Recommendation #2: Employers should ensure that machinery is operated in accordance with manufacturers directions.
Discussion: During the examination of the machine, damage was noted that indicated that the cutting drum was rotating at the time of the incident (see Photo 3) when the machine was reportedly being backed into position. The operator’s manual states that the cutting drum should not be engaged until a number of steps are completed, including adjusting the conveyor and elevation sensors. The manual also clearly warns that: · Lowering the cutter too quickly when starting a cut will cause the machine to ride up onto the cutter and lunge backward.
- If the cutter hits an obstruction, the machine may lunge backward.
- Either of these can cause personal injury.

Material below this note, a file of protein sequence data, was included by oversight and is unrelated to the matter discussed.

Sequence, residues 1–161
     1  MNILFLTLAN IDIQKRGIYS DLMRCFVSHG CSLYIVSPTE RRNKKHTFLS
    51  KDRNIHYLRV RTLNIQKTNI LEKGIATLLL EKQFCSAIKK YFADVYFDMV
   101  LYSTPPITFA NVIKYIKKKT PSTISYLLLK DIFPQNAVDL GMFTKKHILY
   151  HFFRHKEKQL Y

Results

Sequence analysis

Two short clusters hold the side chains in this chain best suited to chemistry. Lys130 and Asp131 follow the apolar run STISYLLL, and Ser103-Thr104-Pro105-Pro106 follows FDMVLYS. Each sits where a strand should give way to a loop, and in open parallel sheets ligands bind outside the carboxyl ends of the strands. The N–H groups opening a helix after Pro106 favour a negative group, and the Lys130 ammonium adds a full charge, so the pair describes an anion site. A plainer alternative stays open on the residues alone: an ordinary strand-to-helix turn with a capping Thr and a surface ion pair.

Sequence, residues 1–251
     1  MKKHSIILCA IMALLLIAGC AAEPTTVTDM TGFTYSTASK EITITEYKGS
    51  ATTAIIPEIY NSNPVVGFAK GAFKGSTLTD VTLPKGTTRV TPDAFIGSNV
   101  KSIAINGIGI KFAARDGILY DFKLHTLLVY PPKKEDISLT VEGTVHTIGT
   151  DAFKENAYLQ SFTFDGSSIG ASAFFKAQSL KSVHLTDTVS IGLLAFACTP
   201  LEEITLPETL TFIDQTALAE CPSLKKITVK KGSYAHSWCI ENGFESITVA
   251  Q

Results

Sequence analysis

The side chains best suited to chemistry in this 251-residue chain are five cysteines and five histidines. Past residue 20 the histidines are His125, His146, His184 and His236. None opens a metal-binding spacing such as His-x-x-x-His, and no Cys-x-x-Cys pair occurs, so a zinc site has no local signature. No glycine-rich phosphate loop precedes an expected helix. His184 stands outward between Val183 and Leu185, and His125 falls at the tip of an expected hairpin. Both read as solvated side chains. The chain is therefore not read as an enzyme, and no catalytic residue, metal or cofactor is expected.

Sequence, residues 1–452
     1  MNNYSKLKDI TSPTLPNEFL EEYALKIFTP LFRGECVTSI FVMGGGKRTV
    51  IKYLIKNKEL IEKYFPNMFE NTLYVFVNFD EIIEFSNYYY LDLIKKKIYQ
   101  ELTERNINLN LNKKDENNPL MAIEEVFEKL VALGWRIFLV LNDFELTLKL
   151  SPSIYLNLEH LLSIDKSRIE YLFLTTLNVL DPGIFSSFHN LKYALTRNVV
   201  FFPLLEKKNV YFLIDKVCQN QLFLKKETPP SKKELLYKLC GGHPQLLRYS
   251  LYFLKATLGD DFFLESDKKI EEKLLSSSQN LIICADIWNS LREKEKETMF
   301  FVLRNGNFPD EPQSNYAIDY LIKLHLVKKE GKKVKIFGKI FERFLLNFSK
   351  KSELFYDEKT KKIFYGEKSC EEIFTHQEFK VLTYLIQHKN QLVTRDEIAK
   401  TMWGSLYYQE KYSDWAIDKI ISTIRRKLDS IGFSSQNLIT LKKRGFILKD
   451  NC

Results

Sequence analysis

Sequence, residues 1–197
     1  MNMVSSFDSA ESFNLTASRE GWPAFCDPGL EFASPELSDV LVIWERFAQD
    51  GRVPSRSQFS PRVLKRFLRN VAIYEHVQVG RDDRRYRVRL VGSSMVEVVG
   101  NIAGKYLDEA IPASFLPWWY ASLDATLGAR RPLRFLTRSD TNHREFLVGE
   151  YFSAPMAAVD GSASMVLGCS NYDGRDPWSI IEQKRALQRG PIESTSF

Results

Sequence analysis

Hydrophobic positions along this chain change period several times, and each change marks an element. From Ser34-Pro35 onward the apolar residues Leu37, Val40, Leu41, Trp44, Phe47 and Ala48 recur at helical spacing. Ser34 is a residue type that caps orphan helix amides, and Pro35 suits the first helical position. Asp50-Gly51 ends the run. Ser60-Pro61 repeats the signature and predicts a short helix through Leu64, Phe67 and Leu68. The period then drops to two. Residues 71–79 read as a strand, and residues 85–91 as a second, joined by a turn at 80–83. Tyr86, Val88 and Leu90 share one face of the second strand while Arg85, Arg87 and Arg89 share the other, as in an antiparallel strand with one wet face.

- Lower the cutter slowly. Keep all personnel at least 25 feet away from the rear of the machine while it is in operation.
It is possible that the kick felt by the operator before the machine tipped was the rotating cutter contacting the uneven surface and/or debris. It is not known if this directly contributed to the incident, however the above warnings indicate that this could cause the machine to move backward uncontrollably.
Photo 3. Damage caused by rotating drum bearing cutting through machine’s sheet metal during tip-over.
Recommendation #3: Milling machine manufacturers should install active warning devices to alert the operators when the machine’s slope limitations are being approached.
Discussion: This machine was not equipped with any devices to warn the operator of an impending tip-over situation. Although it did have a bubble level for indicating the approximate slope of the machine, this indicator was not easily seen from the operator’s station. To prevent further tip-overs, NJ FACE recommends that milling machine manufacturers install a visual and audible warning device that activates when the machine approaches its slope limitations. This may provide enough warning for the operator to correct a problem before a tip-over occurs.